Six New Jersey counties placed in the top 10 most vulnerable housing markets in ATTOM Data Solutions' Special Housing Risk Report for the first quarter of 2022.

And among the top 50, five more counties made the list, accounting for more than half the Garden State being so highly ranked.

But in ATTOM's estimation, what does "vulnerable" mean?

Executive vice president of market intelligence Rick Sharga said the higher a market rated in terms of the percentage of monthly income it takes someone to buy property, percentage of underwater loans — where more is still due than the property is worth — foreclosure activity, and unemployment rate, the higher the risk.

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Passaic, Essex, and Atlantic counties came in first, second, and third respectively, with Sussex seventh, Cumberland eighth, and Union 10th.

Warren (15th), Bergen (29th), Gloucester (32nd), Ocean (35th), and Camden (36th) were the rest of New Jersey's entries in the top 50.

Sharga said while jockeying for position may continue in future reports, New Jersey counties in a general sense will remain near the top for some time.

"It's not likely, for example, that we're going to see home prices decline dramatically in some of the higher-priced markets in the state, and so it'll always be a risk factor for New Jersey residents who are homeowners in those areas," he said.

A sweet spot between New York and Philadelphia

According to Sharga, it is logical that some of the counties that house large urban centers like Camden and Newark, and have unemployment rates traditionally higher than the rest of the United States, would make appearances.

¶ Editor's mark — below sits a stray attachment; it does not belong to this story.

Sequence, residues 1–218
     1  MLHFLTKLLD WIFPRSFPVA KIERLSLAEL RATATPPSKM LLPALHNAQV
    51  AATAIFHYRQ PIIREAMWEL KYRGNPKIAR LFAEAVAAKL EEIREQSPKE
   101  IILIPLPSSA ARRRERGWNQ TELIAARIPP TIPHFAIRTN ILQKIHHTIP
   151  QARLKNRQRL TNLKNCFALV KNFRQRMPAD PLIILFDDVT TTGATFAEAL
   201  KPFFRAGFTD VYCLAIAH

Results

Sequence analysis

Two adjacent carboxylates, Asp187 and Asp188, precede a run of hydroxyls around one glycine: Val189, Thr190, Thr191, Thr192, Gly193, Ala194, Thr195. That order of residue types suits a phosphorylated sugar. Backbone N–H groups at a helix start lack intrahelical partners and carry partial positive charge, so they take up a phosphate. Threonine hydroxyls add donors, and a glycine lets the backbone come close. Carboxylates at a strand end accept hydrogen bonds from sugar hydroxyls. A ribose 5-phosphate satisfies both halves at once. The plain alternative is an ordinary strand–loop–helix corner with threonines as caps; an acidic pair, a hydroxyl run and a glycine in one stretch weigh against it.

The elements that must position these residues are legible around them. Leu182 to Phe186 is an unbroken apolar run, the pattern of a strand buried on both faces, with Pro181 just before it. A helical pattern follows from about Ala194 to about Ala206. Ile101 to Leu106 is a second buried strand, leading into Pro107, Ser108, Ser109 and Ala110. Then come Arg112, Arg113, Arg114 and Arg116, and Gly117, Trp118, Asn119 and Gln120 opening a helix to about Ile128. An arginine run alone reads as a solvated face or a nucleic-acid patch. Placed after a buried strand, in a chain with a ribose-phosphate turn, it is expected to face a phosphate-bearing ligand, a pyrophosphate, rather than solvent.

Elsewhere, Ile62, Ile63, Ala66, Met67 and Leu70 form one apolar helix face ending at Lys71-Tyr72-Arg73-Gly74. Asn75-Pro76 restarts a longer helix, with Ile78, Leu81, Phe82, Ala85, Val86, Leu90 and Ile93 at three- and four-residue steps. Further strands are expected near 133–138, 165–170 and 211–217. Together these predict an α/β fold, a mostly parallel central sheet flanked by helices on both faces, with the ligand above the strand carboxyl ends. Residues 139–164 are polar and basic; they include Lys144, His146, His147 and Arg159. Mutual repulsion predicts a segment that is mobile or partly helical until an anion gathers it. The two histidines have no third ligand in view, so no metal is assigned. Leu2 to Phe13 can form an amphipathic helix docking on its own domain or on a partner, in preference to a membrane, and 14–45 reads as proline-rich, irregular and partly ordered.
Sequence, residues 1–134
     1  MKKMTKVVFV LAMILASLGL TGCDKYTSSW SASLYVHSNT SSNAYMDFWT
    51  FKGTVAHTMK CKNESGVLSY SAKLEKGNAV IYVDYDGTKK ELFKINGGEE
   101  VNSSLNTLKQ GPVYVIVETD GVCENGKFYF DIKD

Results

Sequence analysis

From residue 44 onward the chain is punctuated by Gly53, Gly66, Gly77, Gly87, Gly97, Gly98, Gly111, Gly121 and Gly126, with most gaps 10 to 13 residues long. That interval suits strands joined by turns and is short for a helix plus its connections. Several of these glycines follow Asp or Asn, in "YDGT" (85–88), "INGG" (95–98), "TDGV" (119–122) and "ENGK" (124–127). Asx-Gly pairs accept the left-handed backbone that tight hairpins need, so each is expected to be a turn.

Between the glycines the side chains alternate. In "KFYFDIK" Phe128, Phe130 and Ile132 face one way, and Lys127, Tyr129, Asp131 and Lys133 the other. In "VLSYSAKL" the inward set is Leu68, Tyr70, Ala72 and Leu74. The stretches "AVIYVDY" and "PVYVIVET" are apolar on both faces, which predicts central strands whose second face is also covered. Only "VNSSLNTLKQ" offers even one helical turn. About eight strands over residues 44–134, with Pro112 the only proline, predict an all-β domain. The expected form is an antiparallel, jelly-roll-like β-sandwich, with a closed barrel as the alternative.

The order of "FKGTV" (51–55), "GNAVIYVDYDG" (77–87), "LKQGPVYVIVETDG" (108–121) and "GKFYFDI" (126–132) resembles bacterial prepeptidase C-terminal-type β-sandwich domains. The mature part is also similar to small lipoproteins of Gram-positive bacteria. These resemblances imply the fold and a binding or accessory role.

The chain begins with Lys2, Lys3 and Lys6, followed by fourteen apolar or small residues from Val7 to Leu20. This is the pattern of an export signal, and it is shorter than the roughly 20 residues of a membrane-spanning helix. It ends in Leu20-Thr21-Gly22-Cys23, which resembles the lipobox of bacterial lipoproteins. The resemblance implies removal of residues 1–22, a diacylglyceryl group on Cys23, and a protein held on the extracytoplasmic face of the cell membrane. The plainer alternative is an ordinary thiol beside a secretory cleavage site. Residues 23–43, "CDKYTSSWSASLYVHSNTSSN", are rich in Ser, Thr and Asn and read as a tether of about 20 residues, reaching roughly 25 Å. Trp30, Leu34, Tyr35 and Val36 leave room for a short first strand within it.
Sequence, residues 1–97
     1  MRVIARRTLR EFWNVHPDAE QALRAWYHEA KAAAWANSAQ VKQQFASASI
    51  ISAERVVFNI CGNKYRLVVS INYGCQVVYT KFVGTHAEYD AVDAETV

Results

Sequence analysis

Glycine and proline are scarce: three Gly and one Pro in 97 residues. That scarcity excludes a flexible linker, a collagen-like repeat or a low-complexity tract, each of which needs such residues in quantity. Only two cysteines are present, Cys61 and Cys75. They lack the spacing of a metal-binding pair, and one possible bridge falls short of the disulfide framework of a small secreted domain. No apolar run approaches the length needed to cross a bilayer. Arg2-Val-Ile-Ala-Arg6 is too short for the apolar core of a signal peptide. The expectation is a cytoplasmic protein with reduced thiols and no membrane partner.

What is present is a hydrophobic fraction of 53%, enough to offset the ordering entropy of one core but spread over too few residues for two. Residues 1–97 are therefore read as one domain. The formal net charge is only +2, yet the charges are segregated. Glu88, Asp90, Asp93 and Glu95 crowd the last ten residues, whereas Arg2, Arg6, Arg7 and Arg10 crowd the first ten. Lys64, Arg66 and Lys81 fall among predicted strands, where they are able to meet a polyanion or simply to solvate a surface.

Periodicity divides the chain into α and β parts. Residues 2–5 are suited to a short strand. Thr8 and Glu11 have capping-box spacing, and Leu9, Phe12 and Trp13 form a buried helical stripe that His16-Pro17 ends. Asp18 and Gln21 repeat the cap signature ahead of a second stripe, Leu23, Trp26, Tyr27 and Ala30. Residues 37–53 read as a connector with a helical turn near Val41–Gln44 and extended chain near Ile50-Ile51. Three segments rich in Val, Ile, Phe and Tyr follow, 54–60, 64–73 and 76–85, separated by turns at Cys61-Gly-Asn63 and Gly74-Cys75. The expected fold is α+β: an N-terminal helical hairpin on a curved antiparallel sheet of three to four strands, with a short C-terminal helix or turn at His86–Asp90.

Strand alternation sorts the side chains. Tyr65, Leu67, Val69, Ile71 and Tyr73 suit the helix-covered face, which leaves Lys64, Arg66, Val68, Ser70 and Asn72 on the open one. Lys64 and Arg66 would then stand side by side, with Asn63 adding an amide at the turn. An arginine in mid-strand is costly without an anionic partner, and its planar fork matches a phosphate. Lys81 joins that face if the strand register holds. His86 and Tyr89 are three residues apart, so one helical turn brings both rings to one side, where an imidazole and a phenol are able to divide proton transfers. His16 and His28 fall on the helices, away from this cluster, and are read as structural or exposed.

But he said that New Jerseyans tend to understand they live in a high-cost state, and so do people who want to come here from elsewhere.

"I don't think there's anything in the report that jumps off the page, and would make people hesitant about moving into the area or staying in the area," Sharga said. "Just the sheer concentration of how many relatively high-risk markets are in the geography, I think, is a little bit of a surprise."

Things won't totally fall apart

What Sharga does want to communicate is that just because an area is classified as "vulnerable" does not mean its housing situation is in great, imminent peril.

There may be a fluctuation of one or more of the four factors he cited that may augur some positivity.

"If there is a downturn, whether it's a recession or some other kind of economic event that happens, these markets are a little bit more vulnerable than markets where the other conditions aren't present," Sharga said.

Read a summary of the report here.

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